Four levels of systemic anti-cancer therapy services recommended

Submissions on systemic anti-cancer therapy draft model of care invited

National systemic anti-cancer therapy (SACT) services should be defined by four ‘Types’ under a recommendation contained as part of a consultation document outlining a new SACT Model of Care.

The draft makes 25 recommendations for an adult SACT Model of Care, aiming to address the gaps in SACT services identified through the comparisons between current SACT services and international evidence available.

The document recommended that the organisation of SACT services in Ireland be defined by ‘Types’, ranging from Type 1 as the highest complexity to Type 4 as the lowest.

These ‘Types’ would define where SACT could be delivered as appropriate to the complexity of the drugs and specific needs of the patient’s SACT treatment plan, irrespective of their other cancer treatments e.g. surgery.

Devolvement of less complex SACT regimens to Type 3 and 4 SACT services, as appropriate, was recommended in order to improve capacity throughout Ireland and provide care closer to the patient’s home.

Further to this, the Model of Care recommended Type 1-3 SACT hospitals should establish SACT outreach clinics to enable care closer to the patient’s home as well as to create capacity within the SACT hospital campus.

The deadline for feedback on the consultation document has been extended by the National Cancer Control Programme (NCCP) until Friday, July 23.

Systemic anti-cancer therapy is primarily delivered in 26 publicly funded hospitals to day patients and inpatients, nine of these are National Cancer Control Programme (NCCP) designated cancer centres, including one paediatric cancer centre.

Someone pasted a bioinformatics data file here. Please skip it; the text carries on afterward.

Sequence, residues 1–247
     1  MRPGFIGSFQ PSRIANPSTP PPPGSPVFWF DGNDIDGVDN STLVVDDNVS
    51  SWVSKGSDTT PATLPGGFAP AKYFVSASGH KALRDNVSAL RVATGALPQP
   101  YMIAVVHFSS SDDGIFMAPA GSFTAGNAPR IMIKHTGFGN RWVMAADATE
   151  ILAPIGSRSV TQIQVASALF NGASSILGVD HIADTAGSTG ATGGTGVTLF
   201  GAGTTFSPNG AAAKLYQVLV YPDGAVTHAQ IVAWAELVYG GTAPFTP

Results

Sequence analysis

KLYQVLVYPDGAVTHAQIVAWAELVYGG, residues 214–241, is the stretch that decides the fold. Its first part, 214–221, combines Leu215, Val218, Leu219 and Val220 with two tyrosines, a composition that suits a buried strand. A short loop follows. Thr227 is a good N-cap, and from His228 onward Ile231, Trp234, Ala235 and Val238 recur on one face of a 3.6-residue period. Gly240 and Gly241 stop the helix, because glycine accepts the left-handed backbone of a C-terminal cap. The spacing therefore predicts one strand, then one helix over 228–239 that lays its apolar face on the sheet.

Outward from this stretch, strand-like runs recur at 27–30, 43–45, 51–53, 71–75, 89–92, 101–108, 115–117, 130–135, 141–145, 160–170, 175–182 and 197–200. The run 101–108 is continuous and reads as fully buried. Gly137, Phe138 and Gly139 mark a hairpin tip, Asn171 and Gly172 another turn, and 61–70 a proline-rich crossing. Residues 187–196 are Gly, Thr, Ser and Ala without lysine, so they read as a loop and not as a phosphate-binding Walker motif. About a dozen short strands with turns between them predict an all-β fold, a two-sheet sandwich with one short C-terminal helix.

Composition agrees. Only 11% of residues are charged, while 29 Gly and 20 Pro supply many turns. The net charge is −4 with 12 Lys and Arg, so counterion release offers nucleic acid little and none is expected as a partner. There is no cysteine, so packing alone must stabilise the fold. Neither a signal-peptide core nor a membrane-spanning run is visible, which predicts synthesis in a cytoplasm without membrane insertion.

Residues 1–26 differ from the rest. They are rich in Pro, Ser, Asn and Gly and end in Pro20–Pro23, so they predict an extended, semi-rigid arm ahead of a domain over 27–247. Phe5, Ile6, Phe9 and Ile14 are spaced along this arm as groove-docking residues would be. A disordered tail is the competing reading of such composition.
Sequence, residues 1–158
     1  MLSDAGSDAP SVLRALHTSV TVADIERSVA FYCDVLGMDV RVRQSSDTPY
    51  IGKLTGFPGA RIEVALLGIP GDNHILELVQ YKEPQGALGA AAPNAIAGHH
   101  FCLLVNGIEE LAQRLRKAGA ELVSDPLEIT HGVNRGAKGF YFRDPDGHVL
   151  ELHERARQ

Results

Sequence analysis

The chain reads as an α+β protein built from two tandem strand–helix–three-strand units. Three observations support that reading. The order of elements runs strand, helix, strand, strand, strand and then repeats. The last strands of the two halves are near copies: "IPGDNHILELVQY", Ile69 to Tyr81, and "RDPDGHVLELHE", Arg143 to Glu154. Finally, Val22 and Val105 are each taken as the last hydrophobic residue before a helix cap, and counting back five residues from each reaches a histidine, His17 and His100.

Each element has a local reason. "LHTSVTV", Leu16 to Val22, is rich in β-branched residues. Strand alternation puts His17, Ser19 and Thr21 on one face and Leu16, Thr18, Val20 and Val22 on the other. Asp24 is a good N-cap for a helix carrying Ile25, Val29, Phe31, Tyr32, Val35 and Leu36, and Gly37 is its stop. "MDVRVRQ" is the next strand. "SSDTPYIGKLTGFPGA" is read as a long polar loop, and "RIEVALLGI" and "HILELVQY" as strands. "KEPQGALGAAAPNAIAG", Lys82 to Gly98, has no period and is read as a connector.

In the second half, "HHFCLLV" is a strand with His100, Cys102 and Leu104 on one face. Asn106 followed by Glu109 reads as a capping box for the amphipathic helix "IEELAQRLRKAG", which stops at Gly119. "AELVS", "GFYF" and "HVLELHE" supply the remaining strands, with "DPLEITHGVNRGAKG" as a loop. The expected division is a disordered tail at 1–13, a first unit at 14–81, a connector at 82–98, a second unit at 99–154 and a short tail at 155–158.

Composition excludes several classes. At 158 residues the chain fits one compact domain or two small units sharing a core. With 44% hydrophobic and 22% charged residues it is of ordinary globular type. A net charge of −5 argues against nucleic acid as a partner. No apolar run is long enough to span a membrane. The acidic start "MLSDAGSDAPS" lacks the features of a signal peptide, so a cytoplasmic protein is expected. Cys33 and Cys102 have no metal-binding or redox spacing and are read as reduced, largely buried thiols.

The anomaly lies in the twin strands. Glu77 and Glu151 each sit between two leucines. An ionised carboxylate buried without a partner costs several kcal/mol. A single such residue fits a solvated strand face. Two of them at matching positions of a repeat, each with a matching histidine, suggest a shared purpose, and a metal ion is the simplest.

The consultation document recommended that a single governance system be established for SACT services in Ireland in line with the guiding principles of the report and the National Cancer Strategy 2017-2026.

“Standardisation of SACT services is key to the development of a quality and safe service,” added the document.

Other proposals included the rapid implementation of new therapeutics and diagnostics in systemic anti-cancer therapy services, following a recommendation of the NCCP and the Health Service Executive (HSE).

All patients should have access to a clinical trial where clinically appropriate Clinical trial services should be enhanced/developed in SACT services to support the availability of trials to all patients undergoing SACT.

Systemic anti-cancer therapy falls under the medical specialities of medical oncology, for the treatment of solid tumours such as breast and prostate cancer and haematology, for the treatment of haematological malignancies such as leukaemia and myeloma.

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